PENRITH officials have asked the ARL Commission for massive salary cap relief to ensure they don't become a weak link in the battle with AFL for western Sydney.
The revelation comes amid speculation about the future of star centre Michael Jennings and it is understood that one of the key concessions the Panthers are seeking is that payments to players released to other clubs not be included in the salary cap.
Jennings, who was selected from NSW Cup to play for the Blues in Origin I, has been linked with a number of rival clubs and the Herald has been told that he had been advised Penrith would be willing to release him.
However, it is unlikely that rival clubs could match his current $600,000 per season deal and the Panthers would have to make a significant contribution to any contract he signed elsewhere. Under NRL salary cap rules, the amount that Penrith paid would be included in the Panthers salary cap but the club has asked the ARLC for exemptions for any top up payments to players released from their contracts.
The Herald understands that Penrith's application is set to be rejected by the ARLC but Panthers coach Ivan Cleary said yesterday that he club needed the special salary cap treatment to ensure they remain strong in the battle for western Sydney.
''Really, we're just another club but clearly we're trying to improve [and] there's no doubt there's a threat with another code out in these parts,'' Cleary said. ''I think really we need some help to be able to fight the fight. In saying that our club has put itself in the position that it's in. We're just trying to improve that position, that's all.''
With Jennings and Penrith's other four highest-paid players Luke Lewis, Lachlan Coote, Sam McKendry and Tim Grant reportedly taking up half of Penrith's 2014 salary cap due to back-ended contracts, the club is unable to recruit unless they shed some of their stars.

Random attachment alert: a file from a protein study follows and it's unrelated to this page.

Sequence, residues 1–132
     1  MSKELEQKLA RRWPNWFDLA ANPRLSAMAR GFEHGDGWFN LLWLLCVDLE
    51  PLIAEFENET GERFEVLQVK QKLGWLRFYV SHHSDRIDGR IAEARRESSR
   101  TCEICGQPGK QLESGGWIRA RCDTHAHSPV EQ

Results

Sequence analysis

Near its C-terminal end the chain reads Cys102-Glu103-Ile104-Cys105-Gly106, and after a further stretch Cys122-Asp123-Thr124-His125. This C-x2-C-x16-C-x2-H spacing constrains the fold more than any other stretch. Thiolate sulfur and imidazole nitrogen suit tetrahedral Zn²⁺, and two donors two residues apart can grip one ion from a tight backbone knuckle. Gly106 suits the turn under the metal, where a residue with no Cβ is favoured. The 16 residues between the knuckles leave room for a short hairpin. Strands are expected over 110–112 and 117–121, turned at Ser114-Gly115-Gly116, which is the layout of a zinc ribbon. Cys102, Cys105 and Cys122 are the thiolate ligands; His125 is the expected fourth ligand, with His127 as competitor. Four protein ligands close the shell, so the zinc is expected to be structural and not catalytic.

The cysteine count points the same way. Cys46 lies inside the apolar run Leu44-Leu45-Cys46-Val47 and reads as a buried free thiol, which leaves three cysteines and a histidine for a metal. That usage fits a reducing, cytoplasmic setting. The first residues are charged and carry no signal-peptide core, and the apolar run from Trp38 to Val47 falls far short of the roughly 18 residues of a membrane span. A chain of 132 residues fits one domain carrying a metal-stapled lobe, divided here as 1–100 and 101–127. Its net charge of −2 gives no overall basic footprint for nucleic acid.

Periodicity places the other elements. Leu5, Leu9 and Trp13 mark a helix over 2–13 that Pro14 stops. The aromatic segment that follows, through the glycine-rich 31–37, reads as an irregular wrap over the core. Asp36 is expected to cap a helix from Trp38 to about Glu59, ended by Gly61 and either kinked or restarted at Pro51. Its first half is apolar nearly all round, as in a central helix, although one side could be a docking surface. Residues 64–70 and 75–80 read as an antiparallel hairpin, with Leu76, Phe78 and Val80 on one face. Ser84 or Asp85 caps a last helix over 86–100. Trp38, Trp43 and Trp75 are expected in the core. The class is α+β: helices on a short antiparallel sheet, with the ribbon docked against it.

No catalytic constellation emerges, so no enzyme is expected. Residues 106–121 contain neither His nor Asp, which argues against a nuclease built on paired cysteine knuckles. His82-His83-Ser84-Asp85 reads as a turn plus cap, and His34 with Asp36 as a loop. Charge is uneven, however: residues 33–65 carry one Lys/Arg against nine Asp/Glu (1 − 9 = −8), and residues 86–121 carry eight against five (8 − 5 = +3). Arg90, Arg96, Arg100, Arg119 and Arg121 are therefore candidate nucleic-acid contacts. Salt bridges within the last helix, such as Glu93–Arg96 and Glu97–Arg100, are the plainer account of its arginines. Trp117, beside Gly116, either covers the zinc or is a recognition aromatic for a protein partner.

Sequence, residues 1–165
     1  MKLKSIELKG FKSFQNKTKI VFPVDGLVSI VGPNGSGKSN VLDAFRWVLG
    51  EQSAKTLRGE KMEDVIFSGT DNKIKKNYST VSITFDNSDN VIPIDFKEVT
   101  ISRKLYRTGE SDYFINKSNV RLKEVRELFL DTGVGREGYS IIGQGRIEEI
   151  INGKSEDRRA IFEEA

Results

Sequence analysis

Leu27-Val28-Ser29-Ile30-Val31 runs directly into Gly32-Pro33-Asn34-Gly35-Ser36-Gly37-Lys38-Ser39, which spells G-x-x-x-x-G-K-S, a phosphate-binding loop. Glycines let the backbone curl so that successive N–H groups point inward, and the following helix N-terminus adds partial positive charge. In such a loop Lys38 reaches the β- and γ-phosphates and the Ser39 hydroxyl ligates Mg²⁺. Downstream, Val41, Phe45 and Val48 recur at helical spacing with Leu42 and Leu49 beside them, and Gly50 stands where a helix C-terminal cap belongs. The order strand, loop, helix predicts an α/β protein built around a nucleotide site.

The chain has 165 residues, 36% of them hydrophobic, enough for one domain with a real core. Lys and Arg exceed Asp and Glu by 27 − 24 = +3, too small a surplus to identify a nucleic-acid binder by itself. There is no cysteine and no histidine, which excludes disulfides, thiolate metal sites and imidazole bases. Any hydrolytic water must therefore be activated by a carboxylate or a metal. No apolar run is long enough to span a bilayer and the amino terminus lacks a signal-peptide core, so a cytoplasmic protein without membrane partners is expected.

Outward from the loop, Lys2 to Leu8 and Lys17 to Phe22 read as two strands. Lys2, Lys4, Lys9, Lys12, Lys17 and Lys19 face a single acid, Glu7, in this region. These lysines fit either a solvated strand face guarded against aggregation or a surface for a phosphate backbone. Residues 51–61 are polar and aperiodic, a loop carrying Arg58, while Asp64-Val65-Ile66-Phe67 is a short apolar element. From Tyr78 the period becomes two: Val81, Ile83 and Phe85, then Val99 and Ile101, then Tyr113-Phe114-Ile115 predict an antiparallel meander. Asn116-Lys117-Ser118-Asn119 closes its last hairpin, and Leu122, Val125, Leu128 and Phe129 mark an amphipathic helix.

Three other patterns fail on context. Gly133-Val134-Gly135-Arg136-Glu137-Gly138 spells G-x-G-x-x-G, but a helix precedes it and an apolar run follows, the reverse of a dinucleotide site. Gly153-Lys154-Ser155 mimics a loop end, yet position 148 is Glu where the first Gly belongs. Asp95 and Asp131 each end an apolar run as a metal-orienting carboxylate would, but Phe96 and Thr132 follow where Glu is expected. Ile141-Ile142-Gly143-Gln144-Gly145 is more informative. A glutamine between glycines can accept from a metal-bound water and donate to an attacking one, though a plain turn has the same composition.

Former NSW Origin winger Michael Gordon has signed with Cronulla because the Panthers were unable to make him a comparable offer and they could not afford to sign Sharks five-eighth Wade Graham and Parramatta forward Ben Smith.
Penrith have also reached the limit of their $350,000 second-tier salary cap after using 29 players so far this season and cannot now play boom teenager Harry Siejka or other members of their under-20s team in the NRL.
The Herald understands that Penrith supremo Phil Gould outlined to ARLC chief executive David Gallop why giving the club salary cap relief would help to combat the push of AFL into western Sydney when he attended the Panthers' round-nine match against Melbourne.
However, the ARLC is expected to reject the submission as it does not want to be seen to be providing special treatment for one club over the other 15.
Meanwhile, Gordon, who recently signed a three-year deal to join Cronulla from next season, had a screw taken out of his leg on Monday and could be back by as early as round 16.
While Gordon wants to finish the year at Penrith, there's a possibility he may return this year for Cronulla.
But his manager Andrew Purcell last night told the Herald that Penrith had given no indication they would let Gordon go mid-season.
Unless Penrith have a change of heart between now and June 30, Gordon will see out the season at the foot of the mountains.